We are not here concerned with a simple, formal promise and acceptance, clearly established from spoken or written words. And we pass for the present a consideration of contracts which arise by implication of law, that is, obligations created by law for reasons of equity and justice, which are generally denominated implied contracts, but which are more accurately designated as quasi contracts. Unlike true contracts, these are not based on the apparent intention of the parties to undertake the performance in question nor to promise anything. We are interested here in the law as it relates to a contract based on a promise which may be inferred from the conduct of the parties. As declared in section 5 of the Restatement above referred to, a promise in a contract may be inferred wholly or partly from such conduct as justifies the promisee in understanding that the promisor intended to make a promise. To constitute such a contract there must, of course, be a mutual assent by the parties-a meeting of minds-and also an intentional manifestation of such assent. Springfield Fire & Marine Ins. Co. v. Snowden, 173 Ky. 664, 191 S.W. 439. Such manifestation may consist wholly or partly of acts, other than written or spoken words. Section 21, "Restatement of Law of Contracts." Commenting on this declaration, that authority says: "Words are not the only medium of expression. Conduct may often convey as clearly as words a promise or an assent to a proposed promise, and where no particular requirement of form is made by the law a condition of the validity or enforceability of a contract, there is no distinction in the effect of a promise whether it is expressed (1) in writing, (2) orally, (3) in acts, or (4) partly in one of these ways and partly in others."

It is often difficult to determine whether the conduct of the parties as disclosed by the evidence is a manifestation of an agreement, promise, or understanding that (in this class of cases) compensation would be paid and accepted for services shown to have been rendered; that is to say, whether from the relation and operative acts of the parties the existence of a contract may logically and reasonably be inferred or implied. There is no difference in the legal effect of an express contract formally executed and of an inferred contract of this character, or, indeed, of a quasi contract. But there is a vast difference in the character and quantum of proof necessary to establish them. In establishing a contract by inference, the facts and circumstances must be sufficient to clearly and convincingly manifest or prove a mutual assent of minds to enter into the contract sought to be implied or established. In determining this sufficiency we frequently encounter conflicting presumptions. Thus, where one performs labor or services for another with his knowledge and assent and under circumstances which ordinarily call for payment, there is a presumption that the beneficiary intended payment and that there was an assent of minds as to this. On the other hand is the presumption of gratuitous service where there was a duty, moral obligation, or natural affection, or mutuality of benefit (Nicely v. Howard, 195 Ky. 327, 242 S.W. 602), by reason of which it has been often declared there can be no recovery under an implied contract. However, when these conflicting presumptions do arise, the latter presumption of gratuity is considered the stronger and is conclusive unless overcome by affirmative proof that there was an express contract. And the degree of the relationship may strengthen or diminish the presumption according to its proximity or remoteness.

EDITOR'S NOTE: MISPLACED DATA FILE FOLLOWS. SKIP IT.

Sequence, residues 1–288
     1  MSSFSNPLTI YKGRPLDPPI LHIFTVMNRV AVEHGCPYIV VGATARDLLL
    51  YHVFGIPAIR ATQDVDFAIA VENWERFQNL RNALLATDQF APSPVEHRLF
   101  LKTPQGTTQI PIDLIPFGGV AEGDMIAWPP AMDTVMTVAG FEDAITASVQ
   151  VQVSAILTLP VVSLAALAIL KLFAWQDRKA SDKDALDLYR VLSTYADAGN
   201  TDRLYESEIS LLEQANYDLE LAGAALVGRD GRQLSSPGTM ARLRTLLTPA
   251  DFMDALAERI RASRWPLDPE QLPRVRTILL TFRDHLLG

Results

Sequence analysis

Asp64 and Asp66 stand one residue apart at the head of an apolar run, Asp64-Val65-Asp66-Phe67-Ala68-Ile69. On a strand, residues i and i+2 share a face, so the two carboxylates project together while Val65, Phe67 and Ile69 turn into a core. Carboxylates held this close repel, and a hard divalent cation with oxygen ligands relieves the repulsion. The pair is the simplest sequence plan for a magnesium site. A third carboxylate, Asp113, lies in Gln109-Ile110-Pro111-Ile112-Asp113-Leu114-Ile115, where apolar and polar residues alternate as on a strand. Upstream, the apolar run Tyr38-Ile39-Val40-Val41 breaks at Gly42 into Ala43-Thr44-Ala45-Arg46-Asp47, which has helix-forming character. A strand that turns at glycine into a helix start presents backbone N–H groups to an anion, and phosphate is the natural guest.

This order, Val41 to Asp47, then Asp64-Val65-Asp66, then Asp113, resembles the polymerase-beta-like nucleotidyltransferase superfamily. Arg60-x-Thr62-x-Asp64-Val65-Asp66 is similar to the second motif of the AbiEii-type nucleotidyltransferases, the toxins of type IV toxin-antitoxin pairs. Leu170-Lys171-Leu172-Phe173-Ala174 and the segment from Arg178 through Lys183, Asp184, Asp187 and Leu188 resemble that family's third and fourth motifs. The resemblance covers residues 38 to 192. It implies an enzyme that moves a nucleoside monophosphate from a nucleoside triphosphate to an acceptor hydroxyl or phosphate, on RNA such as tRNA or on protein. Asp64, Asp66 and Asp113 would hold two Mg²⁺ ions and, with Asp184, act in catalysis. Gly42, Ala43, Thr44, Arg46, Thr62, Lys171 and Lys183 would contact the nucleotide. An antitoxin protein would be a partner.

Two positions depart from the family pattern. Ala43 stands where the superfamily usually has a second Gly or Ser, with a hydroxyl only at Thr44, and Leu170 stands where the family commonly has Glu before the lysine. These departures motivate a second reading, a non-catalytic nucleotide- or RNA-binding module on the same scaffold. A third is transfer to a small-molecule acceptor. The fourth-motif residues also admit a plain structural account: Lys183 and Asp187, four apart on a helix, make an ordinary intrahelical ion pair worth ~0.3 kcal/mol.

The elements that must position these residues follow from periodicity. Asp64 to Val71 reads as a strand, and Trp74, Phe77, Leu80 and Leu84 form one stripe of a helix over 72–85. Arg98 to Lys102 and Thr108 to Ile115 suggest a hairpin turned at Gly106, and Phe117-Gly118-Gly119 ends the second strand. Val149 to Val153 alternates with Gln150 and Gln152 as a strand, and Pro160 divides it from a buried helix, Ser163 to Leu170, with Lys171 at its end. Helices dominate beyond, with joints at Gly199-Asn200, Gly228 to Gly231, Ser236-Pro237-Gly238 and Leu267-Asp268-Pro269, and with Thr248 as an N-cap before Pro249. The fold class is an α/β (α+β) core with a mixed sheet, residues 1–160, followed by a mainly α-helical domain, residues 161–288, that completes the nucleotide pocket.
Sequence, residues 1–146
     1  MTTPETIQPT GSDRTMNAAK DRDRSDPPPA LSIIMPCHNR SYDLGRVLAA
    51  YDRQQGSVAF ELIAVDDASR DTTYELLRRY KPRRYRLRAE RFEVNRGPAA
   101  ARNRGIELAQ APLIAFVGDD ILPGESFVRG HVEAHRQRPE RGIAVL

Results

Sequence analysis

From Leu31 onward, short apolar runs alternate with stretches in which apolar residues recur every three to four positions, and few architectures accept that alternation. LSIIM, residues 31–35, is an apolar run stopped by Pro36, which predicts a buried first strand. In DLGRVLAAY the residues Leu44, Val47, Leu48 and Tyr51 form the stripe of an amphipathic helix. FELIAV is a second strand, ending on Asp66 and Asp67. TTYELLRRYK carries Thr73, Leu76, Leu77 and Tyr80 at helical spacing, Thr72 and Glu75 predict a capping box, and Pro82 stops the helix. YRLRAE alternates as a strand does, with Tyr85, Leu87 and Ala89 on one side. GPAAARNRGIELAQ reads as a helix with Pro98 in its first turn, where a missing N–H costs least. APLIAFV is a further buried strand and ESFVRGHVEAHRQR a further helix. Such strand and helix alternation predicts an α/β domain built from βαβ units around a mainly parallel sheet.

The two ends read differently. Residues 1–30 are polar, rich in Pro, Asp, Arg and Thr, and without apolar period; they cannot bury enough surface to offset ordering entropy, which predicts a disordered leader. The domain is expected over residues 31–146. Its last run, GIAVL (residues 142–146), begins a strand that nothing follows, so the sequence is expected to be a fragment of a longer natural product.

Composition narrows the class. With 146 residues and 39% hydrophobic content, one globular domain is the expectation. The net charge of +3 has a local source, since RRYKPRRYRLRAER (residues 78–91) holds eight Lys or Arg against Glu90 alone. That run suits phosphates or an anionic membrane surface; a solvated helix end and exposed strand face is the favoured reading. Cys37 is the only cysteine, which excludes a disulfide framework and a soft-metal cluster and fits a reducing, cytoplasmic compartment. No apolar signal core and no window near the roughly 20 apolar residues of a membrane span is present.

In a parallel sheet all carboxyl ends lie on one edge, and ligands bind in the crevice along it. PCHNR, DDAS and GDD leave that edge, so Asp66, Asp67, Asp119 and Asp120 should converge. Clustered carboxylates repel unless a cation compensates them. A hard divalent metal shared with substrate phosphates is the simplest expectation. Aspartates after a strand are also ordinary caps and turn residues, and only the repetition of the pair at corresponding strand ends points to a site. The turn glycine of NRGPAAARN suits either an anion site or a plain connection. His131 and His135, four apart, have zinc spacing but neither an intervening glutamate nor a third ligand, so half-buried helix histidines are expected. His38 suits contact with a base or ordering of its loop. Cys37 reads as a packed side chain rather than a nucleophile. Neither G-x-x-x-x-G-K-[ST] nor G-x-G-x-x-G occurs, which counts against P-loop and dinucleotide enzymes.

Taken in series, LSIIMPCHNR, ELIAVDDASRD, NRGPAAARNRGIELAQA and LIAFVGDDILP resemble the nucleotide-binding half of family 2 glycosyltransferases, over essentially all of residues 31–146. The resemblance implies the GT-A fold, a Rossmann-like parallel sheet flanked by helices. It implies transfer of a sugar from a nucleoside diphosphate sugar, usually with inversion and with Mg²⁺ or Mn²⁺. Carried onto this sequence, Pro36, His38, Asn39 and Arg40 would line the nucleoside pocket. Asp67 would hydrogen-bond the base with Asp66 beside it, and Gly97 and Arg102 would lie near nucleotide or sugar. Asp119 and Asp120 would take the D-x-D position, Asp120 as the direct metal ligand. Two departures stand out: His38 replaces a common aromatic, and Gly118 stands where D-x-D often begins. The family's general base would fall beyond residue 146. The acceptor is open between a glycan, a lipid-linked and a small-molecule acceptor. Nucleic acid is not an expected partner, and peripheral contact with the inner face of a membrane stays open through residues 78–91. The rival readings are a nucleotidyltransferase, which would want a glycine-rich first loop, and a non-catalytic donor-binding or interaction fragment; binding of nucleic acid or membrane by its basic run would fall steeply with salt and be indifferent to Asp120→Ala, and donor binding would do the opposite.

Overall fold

But in determining that there was an express contract between the parties, no formal execution or memorial is necessary. In the development of the practice in this class of cases it was found that such a contract might be established, and the presumption of gratuity might be overcome, by proof that the services were actually rendered by the one party with the expectation of receiving compensation, and accepted by the other party with the intention to make compensation, although the amount was not agreed upon. The courts consistently and soundly reached the conclusion that compensation ought to be allowed under such circumstances; and, being confronted with the rule that it could not be allowed under an implied contract (more...